The impact of abandoned pastoral settlements on plant and nutrient succession in an African savanna ecosystem
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Muchiru, A.N.; Western, D.; Reid, R.S. 2009. The impact of abandoned pastoral settlements on plant and nutrient succession in an African savanna ecosystem. Journal of Arid Environments. v. 73(3). P. 322-331.
Permanent link to this item: http://hdl.handle.net/10568/39
We detail the impact of abandoned traditional settlements (or bomas) on plant and nutrient succession in the Amboseli ecosystem, southern Kenya, over the course of a century. Plant and soil data were sampled on and around abandoned settlements. The term, ‘onsite’, refers to the area within the perimeter fence, ‘offsite’ to the area up to 200 m beyond the fence. Herbaceous standing biomass onsite increased in the course of succession to peak at twice offsite levels within two decades. Biomass remained elevated for six decades then dropped to the background levels at the limit of sampling distance. Plant species richness onsite increased rapidly in the course of succession, then stabilized on older bomas. Species composition changed throughout succession, with pioneer herbs and grasses giving way to boma-edge species and woody vegetation later in succession. Soil nutrients, including carbon, nitrogen, magnesium and phosphorus, were highly elevated on abandoned settlements. The various nutrients declined at different rates during the course of plant succession. Potassium, phosphorus and magnesium levels remained at twice offsite levels for over a century, creating islands of high fertility and high plant biomass in the savanna landscape. We conclude that the perturbation caused by shifting nomadic settlements creates localized nutrient and plant diversity hotspots in savanna ecosystems that remain distinct from the surrounding savanna for decades, possibly centuries.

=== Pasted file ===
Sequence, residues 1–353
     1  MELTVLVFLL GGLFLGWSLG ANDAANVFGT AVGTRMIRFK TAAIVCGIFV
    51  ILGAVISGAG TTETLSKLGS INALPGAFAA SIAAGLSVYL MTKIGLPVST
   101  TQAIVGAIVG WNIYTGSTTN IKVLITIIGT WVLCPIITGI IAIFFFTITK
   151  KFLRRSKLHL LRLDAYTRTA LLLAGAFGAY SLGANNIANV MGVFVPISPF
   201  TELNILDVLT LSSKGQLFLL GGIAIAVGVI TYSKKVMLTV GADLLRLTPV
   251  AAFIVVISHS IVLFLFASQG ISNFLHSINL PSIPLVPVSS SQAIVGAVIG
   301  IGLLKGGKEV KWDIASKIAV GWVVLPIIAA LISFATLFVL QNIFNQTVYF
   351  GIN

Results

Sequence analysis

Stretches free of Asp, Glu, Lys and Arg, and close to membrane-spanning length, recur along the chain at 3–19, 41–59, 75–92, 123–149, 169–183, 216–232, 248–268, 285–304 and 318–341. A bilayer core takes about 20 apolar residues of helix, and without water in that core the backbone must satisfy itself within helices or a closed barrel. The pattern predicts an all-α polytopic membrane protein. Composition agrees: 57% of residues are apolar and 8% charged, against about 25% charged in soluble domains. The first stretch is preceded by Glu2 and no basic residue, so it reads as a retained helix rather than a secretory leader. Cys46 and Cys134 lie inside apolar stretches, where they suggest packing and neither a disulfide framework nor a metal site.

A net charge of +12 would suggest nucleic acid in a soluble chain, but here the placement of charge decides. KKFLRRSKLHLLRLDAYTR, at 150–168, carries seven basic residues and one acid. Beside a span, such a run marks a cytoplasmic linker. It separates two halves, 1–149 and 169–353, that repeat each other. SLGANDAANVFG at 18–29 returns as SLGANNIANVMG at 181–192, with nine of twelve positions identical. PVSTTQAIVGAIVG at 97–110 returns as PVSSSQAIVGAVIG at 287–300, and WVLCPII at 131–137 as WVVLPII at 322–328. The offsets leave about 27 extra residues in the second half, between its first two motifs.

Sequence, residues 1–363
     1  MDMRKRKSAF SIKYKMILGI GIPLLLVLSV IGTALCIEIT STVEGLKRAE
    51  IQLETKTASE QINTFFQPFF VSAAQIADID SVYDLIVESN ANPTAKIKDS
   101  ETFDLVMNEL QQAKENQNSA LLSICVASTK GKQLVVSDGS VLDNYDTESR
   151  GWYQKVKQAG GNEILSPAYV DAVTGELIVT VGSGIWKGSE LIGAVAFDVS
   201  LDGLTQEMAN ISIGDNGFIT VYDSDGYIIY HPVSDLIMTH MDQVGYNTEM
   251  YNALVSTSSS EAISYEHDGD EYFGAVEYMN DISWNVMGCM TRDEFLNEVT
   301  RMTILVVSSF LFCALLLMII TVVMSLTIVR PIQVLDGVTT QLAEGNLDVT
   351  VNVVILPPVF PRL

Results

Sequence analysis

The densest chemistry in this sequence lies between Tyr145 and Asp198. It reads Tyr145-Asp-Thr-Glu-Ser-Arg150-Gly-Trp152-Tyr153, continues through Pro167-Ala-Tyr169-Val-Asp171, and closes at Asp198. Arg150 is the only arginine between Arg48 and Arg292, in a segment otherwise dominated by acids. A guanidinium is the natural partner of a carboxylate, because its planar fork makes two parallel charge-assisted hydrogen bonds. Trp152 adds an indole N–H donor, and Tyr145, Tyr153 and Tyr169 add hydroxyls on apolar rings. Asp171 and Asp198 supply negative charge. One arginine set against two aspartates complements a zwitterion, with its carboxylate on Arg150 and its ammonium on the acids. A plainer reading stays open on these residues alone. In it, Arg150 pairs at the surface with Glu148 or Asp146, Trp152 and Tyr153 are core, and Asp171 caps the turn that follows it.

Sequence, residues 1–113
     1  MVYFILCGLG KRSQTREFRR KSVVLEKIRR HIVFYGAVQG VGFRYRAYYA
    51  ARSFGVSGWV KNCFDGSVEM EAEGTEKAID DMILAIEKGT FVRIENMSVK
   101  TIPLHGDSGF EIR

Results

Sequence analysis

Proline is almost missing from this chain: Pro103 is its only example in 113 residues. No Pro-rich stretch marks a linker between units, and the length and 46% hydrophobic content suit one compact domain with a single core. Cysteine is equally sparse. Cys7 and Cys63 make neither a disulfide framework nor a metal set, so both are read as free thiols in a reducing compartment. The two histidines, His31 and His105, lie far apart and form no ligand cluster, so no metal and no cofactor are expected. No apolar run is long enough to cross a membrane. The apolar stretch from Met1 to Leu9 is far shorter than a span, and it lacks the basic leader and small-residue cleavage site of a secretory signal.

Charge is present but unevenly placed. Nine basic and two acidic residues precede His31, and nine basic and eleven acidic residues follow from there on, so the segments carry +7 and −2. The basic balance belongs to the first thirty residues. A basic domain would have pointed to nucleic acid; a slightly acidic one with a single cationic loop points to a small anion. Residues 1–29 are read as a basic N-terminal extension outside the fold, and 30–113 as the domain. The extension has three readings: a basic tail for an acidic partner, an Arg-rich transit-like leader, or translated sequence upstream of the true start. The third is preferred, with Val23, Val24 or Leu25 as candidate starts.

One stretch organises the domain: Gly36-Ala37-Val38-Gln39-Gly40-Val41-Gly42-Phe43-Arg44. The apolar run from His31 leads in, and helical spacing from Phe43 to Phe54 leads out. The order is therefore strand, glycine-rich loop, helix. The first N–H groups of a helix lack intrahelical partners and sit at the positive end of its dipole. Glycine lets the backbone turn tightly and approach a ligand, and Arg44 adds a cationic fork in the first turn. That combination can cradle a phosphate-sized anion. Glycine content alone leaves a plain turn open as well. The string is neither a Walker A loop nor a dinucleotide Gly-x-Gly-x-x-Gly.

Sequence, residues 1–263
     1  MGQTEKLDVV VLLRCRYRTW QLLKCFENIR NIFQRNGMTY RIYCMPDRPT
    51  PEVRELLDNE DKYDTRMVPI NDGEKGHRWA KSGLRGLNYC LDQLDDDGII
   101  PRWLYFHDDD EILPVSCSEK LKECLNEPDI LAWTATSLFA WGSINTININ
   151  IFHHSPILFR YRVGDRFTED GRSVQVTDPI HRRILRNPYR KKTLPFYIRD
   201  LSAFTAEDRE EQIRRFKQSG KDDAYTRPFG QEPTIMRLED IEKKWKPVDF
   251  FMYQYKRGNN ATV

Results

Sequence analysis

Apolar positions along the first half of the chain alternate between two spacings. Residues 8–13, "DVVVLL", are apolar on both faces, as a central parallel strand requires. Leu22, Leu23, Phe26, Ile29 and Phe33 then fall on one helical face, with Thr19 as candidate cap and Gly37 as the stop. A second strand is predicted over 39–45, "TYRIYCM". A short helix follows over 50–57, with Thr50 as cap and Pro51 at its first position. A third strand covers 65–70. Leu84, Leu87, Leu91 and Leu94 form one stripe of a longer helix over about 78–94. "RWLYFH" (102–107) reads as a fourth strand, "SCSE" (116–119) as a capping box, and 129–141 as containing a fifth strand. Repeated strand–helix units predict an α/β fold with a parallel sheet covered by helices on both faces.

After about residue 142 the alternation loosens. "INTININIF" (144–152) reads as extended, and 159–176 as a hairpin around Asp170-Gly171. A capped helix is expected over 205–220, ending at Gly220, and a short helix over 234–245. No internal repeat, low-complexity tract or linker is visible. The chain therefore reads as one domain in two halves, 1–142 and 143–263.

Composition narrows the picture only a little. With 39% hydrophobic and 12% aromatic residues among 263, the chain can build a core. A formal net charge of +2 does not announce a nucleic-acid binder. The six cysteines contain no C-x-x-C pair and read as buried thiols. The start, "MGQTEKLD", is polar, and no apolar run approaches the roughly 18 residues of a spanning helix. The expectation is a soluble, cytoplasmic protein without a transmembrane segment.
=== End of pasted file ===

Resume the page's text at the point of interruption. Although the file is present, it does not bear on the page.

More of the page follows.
A.N. Muchiru & R.S. Reid are ILRI authors